Know The Value [on Two Artists Tuesday]

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“What’s it worth?” This seems to be the least answerable question of our times. Its cousin question, “Is it real?” is under assault and so qualities like ‘value’ or ‘worth’ are less and less discernible.

For instance, I laughed heartily recently when I listened to a podcast Horatio sent my way. It was about the billions of dollars spent on our educational system of testing that has produced minimal results. It doesn’t work. Data, brain science, and common sense have known this for years. I can hear Tom now (and see his famous sigh-with-eye-roll), “It has to be real. It’s about relationship. It needs direct application.” Do the tests make for better education? No. Of course not. The opposite. And, we knew that before implementing the system of testing. So, what is real? What was it worth? The system consumes itself.

A few years ago, Kerri and I went to the Chicago Art Expo. We came upon a gallery installation, a single piece. It was priced at $40,000.00. A line of twine stretched across the booth. Clipped to the twine was a single household sponge. It had been dipped in paint. Kerri, using her outside voice, said to all who could hear, “ARE YOU KIDDING ME?” It was purchased. What was it worth? Was it real? It was the precursor to artist Maurizio Cattelan’s recent piece. He duct taped a banana to a wall. He’s now sold three versions for $120,000 apiece.  What is it worth? What is real? Art commenting on art. The system consumes itself.

Politics in America. It’s all about crowd size regardless of what the photograph reveals. [sorry, I couldn’t help myself]. There are so many that we actually keep a running tally of the presidential lies. We are slack-jawed at those who nod their heads and bellow their agreement with the demonstrably untrue. What is real? What’s it worth? The country hungrily consumes itself.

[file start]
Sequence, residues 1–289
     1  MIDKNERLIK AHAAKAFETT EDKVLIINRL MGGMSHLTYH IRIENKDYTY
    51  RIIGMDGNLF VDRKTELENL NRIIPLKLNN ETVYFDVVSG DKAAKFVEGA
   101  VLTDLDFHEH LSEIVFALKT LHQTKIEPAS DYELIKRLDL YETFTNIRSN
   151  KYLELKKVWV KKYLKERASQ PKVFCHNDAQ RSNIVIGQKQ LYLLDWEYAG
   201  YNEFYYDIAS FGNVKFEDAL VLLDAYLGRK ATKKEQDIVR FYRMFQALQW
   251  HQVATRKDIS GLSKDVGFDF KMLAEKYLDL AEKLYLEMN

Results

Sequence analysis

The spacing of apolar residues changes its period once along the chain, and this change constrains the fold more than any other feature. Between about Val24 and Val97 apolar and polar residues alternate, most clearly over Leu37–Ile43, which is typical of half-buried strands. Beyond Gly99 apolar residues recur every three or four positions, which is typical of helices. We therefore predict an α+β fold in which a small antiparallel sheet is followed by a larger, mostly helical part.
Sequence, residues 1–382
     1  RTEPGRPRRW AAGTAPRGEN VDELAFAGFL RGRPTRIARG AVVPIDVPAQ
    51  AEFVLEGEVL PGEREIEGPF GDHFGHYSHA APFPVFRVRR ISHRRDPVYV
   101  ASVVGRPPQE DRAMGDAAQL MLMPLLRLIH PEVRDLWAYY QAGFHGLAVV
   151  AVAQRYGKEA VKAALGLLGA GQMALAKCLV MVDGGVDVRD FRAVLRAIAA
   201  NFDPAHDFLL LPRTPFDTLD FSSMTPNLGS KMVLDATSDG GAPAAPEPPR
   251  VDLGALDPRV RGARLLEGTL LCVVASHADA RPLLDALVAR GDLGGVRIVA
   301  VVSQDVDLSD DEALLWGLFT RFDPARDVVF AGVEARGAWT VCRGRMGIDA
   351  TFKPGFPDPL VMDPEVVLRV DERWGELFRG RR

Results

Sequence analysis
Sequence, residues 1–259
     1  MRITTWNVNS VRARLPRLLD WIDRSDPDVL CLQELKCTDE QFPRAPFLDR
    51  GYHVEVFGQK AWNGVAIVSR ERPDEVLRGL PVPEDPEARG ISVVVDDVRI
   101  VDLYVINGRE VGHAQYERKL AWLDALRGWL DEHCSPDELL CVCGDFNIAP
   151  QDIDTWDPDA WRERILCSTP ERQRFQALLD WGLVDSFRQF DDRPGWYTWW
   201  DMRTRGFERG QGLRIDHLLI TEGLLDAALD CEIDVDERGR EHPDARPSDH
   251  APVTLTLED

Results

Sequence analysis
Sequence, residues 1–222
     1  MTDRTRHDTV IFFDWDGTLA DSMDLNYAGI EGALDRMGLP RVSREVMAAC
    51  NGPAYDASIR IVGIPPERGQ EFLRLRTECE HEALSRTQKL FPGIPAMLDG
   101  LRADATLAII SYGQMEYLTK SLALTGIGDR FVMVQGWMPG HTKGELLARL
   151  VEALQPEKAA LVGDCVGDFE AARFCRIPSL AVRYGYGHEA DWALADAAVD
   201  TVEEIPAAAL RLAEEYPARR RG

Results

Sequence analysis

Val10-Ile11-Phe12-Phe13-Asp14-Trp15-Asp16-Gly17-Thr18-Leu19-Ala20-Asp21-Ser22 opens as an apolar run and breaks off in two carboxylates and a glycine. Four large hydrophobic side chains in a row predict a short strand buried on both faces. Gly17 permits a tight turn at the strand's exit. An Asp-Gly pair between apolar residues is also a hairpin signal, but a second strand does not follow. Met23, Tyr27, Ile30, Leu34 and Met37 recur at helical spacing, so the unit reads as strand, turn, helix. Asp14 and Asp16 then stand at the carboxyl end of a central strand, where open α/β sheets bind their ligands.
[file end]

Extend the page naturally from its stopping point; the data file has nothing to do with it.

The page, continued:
We haunt antiques stores. We rarely buy anything but enjoy the exploration. At School Days Mall, one of our favorite adventure antique grounds, Kerri turned and gasped. A paint-by-number landscape wearing a Minnie Pearl tag. “I recognize this painting!” she said, wide eyed. Her mom, Beaky, liked to paint and had a paint-by-number phase. The painting evoked a good story. It evoked a momentary possibility that this might be THE ONE Beaky painted. Kerri sent a text to her sister. They shared a memory. They reached through time and had a moment with their mother. Priceless.

Watching Kerri, so excited, text with her sister, it occurred to me that one reason we go to antiques stores is to touch stuff that comes from a time when value and worth were better understood. We go to the throwaways to find some substance. What is real is not in question.

Banana taped to the wall or paint-by-number landscape? What’s real? What’s it worth?

 

read Kerri’s blog post about PAINT-BY-NUMBER

 

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Slow Down And See [on Two Artists Tuesday]

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There is a theme emerging in my posts this week. Substance vs. the appearance of substance. The flattening of importance.

During an exceptionally stressful and contentious period this summer, we streamed the entire run of Parenthood. Six seasons of escapism!  “Let’s go to  California,” we’d say, all too ready for a leap out of reality. And then, in a moment of horror, the episodes of Parenthood ran out. Our escape hatch closed with a bang. In desperation we surfed and landed in Schitt’s Creek. It was a series a bit too relevant to our circumstance and we howled when one of the characters, in the face of kindness, said that she’d been raised to see that “kindness is a sign of weakness.”

“That’s our problem,” Kerri said, “we see kindness as a virtue.” She was raised to be kind.

That night we had a long discussion about kindness and its general absence in public discourse.

I’ve been thinking much about our conversation since we found ourselves meditating on kindness in Schitt’s Creek. This is my observation: mean is easy. It is fast. Like all forms of reactivity and thoughtlessness, meanness and contention are elementary.

We are surrounded by friends who are kind.  They are kind because they cultivate kindness, thoughts of others, as essential to their character. That’s why we are attracted to them. We are the recipients of unbearable gifts of kindness through our friends. They break us open. They make us bigger.

Kindness is a virtue. It is also a strength. And, it takes time. Kindness is like poetry. It takes development and some higher order thinking.

Lions eat zebras for food. People hurt people for a lesser reason.

In a world obsessed with speed, it is all too easy to run past substance in pursuit of the superficial. Slowing down, taking some time to see, exposes all manner of beauty.

 

read Kerri’s blog post about KINDNESS

 

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